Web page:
The Independents Johann Hari har intervjuet Martin Amis i anledning hans nye bok «The Second Plane», en samling artikler om 9/11 and all that. Det er en lang, konversasjon, der journalisten er helt ute av evne til å forstå hva objektet sier. Frustrasjonen stiger.
Intervjuet åpner med at Amis forteller om alle de muslimske jentene han var kjæreste med på 60-tallet. Amis vil gjerne gi litt background, om sitt eget liv, og om hvor mye tidene har endret seg. Den gang var det en selvfølge at noen var kyske og andre mindre kyske.
Men Hari forholder seg psykologiserende: han skal ha svar på hvorfor Amis kunne si de «forferdelige» tingene i et intervju i 2006, som nå kalles the Race War, nok av folk som han selv. Amis forsøker hele tiden å si noe annet, men blir ikke hørt.
So how did the man who courted Muslim girls, who says he loves the ethnic swirl of London, end up saying to an interviewer in the summer of 2006: «There’s a definite urge – don’t you have it? – to say, ‘The Muslim community will have to suffer until it gets its house in order.’ What sort of suffering? Not let them travel. Deportation, further down the road. Curtailing of freedoms. Strip-searching people who look like they’re from the Middle East or Pakistan… Discriminatory stuff, until it hurts the whole community and they start getting tough with their children.»
The quote floated past unnoticed until Professor Terry Eagleton fished it out to use in an introduction to a book last autumn – and The Race Row began. «I really am not racist, and I just don’t feel it,» Amis says, inhaling more nicotine. «You have to look at the timing of the thing. The third jihadist conspiracy in 13 months [to blow up a series of jumbo jets over the Atlantic] had just been exposed. My children were taking transatlantic flights all that summer. And – I know this is sublime-ridiculous – but I had just had someone come up from London to stay and they were telling me how they couldn’t take a book on a transatlantic flight. I just thought this was a triumph for the forces of stupidity, literalism, ignorance, humourlessness.» He says he isn’t going to deny he felt that way, for a moment – but it wasn’t a proposal, just a «thought experiment», and it wasn’t «racist», just «retaliatory».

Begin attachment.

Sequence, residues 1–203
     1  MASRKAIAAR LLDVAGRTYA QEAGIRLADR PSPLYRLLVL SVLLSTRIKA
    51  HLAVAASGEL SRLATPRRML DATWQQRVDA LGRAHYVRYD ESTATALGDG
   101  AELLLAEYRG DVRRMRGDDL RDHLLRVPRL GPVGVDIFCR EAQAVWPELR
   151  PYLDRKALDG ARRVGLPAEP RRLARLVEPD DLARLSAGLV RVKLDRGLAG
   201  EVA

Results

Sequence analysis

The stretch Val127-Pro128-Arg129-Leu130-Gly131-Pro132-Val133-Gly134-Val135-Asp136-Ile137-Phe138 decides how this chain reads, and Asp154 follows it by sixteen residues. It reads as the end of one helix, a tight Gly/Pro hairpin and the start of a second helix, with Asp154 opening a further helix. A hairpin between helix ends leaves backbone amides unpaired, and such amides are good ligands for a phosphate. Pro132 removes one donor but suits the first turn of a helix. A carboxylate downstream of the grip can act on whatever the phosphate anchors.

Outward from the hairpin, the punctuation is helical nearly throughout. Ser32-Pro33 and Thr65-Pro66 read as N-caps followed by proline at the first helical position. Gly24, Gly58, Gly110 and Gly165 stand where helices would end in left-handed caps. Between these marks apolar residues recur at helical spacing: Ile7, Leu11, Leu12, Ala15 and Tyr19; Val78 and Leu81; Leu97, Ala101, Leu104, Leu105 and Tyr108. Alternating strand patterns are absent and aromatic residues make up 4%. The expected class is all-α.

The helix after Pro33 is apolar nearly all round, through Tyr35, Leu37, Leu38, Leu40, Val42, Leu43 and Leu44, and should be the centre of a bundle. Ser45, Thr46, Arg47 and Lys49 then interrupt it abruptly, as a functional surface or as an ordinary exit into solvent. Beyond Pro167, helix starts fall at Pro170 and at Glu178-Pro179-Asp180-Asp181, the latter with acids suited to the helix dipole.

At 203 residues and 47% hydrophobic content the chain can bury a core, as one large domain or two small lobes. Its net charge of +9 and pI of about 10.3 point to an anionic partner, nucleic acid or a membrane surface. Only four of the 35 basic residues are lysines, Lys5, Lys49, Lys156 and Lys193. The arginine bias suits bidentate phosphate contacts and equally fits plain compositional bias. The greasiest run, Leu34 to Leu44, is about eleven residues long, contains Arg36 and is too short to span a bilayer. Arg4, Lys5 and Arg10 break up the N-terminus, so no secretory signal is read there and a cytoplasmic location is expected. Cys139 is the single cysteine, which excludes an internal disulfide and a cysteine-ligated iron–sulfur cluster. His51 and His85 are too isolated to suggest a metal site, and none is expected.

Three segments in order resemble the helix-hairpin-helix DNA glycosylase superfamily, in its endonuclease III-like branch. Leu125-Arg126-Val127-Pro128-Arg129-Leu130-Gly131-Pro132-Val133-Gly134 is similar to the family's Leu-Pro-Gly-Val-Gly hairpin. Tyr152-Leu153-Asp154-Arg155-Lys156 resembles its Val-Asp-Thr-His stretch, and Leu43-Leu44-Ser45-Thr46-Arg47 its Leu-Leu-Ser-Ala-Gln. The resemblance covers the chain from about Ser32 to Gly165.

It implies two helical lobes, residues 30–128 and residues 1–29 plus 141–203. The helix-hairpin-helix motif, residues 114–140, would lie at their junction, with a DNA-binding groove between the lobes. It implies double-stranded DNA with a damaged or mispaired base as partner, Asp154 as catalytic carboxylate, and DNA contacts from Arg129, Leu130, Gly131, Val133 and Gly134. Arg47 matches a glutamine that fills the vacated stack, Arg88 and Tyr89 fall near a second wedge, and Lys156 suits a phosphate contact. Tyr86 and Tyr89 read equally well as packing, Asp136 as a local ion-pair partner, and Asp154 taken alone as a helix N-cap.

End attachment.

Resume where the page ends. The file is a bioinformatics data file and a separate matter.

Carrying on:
But is this true? Your impulse wasn’t to retaliate against the people who committed the crime; no, your impulse was to moot punishing people who were innocent of any crime at all.
Amis forsøker senere å si at det er nettopp fordi London er blitt multietnisk at han reagerer som han gjør. Et multietnisk samfunn er sårbart for T-banebomber av sinte, unge menn.
«Can I just say something?» he says. «One of the reasons I reacted the way I did [in August 2006] is because I am protective of our multiracial society. I thought – they’re going to fuck it up. Look at London, this amazing multiracial city, but there’s a few miserable bastards, who through an absolutely vile brew of dreams of impotence, or omnipotence, and sadism, and the love of blood and sadism and horror, are going to ruin it for us. It wasn’t just about protecting white people. A multiracial society is very vulnerable to that kind of thing.» If he has racist impulses, then the anti-racist antibodies soon flood in after them.
Men journalisten må psykologisere Amis. Han vurderer alt Amis sier som en psykiater: utenfra.
Amis’s cognitive dissonance seems to squat in the room, like a physical presence. With the right lobe of his brain, Amis tells me he loves our multiracial society, and he says it with vigour and rigour. I don’t for a second think he’s lying. But then, with the left lobe he passionately praises a writer who seems to me to be an outright racist, one who damns virtually all Muslims as secret Sharia-carriers and brags that the «white» birth-rate is still higher in the US. It is as though Amis has been fractured by the kerosene blast of September 11 into two people – and they aren’t talking.
Amis er shizofren: det er en venstreorientert ungdom som er begravet under en post-9/11 xenofobisk, instinktdrevet person og hvis denne får herje fritt har Storbritannia mistet en av sine beste forfattere. Slik lyder diagnosen han stiller.
To supporters, he’s one of the few public figures brave enough to speak the truth about Islam and the failures of multiculturalism. To opponents, he’s just a mouthpiece for racism. So who is the real Martin Amis? Johann Hari finds out